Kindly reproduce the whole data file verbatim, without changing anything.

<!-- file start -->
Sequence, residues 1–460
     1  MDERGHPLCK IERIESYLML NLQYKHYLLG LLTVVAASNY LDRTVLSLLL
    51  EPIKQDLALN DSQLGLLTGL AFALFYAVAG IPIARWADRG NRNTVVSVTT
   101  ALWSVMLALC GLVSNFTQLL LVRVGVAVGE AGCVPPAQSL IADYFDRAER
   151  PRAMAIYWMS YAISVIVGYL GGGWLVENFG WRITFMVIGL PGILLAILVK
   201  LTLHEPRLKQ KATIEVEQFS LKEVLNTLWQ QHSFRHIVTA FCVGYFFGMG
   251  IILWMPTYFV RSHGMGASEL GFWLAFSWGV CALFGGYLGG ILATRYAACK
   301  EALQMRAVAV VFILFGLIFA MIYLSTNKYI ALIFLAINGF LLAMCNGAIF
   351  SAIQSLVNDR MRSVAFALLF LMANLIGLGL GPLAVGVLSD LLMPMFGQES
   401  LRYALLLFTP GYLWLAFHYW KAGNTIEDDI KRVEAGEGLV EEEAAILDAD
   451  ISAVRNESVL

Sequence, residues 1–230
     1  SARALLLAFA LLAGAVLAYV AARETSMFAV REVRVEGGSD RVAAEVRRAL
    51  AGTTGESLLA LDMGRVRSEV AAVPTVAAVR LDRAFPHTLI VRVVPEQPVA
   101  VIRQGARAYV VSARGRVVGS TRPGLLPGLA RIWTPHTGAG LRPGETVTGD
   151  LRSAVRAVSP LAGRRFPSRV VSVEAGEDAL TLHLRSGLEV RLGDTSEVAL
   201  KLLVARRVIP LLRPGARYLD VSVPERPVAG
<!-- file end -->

Sequence, residues 1–460
     1  MDERGHPLCK IERIESYLML NLQYKHYLLG LLTVVAASNY LDRTVLSLLL
    51  EPIKQDLALN DSQLGLLTGL AFALFYAVAG IPIARWADRG NRNTVVSVTT
   101  ALWSVMLALC GLVSNFTQLL LVRVGVAVGE AGCVPPAQSL IADYFDRAER
   151  PRAMAIYWMS YAISVIVGYL GGGWLVENFG WRITFMVIGL PGILLAILVK
   201  LTLHEPRLKQ KATIEVEQFS LKEVLNTLWQ QHSFRHIVTA FCVGYFFGMG
   251  IILWMPTYFV RSHGMGASEL GFWLAFSWGV CALFGGYLGG ILATRYAACK
   301  EALQMRAVAV VFILFGLIFA MIYLSTNKYI ALIFLAINGF LLAMCNGAIF
   351  SAIQSLVNDR MRSVAFALLF LMANLIGLGL GPLAVGVLSD LLMPMFGQES
   401  LRYALLLFTP GYLWLAFHYW KAGNTIEDDI KRVEAGEGLV EEEAAILDAD
   451  ISAVRNESVL

Sequence, residues 1–230
     1  SARALLLAFA LLAGAVLAYV AARETSMFAV REVRVEGGSD RVAAEVRRAL
    51  AGTTGESLLA LDMGRVRSEV AAVPTVAAVR LDRAFPHTLI VRVVPEQPVA
   101  VIRQGARAYV VSARGRVVGS TRPGLLPGLA RIWTPHTGAG LRPGETVTGD
   151  LRSAVRAVSP LAGRRFPSRV VSVEAGEDAL TLHLRSGLEV RLGDTSEVAL
   201  KLLVARRVIP LLRPGARYLD VSVPERPVAG